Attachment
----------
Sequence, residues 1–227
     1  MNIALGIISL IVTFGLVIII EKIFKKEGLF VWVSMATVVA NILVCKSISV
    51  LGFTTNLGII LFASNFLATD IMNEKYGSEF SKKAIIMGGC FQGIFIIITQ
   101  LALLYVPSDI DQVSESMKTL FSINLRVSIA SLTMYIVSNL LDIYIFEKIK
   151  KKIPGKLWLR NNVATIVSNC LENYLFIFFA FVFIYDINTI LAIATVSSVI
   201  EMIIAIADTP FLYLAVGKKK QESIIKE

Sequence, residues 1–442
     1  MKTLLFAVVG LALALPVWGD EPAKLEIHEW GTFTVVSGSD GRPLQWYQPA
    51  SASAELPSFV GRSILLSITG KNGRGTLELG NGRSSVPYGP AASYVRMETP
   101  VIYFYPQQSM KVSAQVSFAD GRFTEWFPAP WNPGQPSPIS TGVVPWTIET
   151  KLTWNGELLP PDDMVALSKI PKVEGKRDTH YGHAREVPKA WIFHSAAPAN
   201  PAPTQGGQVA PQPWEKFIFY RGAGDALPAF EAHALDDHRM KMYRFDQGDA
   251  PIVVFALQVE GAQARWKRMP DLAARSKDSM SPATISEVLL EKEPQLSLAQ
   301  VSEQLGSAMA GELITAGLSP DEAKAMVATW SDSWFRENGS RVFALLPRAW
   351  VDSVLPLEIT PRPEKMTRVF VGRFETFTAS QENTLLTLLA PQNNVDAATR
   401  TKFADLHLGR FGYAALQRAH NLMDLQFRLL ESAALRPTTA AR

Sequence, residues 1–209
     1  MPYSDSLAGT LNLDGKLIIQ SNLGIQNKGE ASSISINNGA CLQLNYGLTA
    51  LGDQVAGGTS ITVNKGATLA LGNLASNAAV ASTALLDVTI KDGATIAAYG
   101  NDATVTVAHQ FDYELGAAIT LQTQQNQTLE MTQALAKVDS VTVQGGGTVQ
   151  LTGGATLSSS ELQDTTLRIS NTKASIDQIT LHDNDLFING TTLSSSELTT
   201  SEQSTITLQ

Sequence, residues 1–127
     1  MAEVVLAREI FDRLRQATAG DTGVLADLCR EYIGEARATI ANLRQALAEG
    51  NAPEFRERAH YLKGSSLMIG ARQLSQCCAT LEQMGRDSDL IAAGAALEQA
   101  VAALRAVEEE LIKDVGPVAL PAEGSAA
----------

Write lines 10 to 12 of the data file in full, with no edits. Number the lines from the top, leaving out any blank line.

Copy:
   101  VIYFYPQQSM KVSAQVSFAD GRFTEWFPAP WNPGQPSPIS TGVVPWTIET
   151  KLTWNGELLP PDDMVALSKI PKVEGKRDTH YGHAREVPKA WIFHSAAPAN
   201  PAPTQGGQVA PQPWEKFIFY RGAGDALPAF EAHALDDHRM KMYRFDQGDA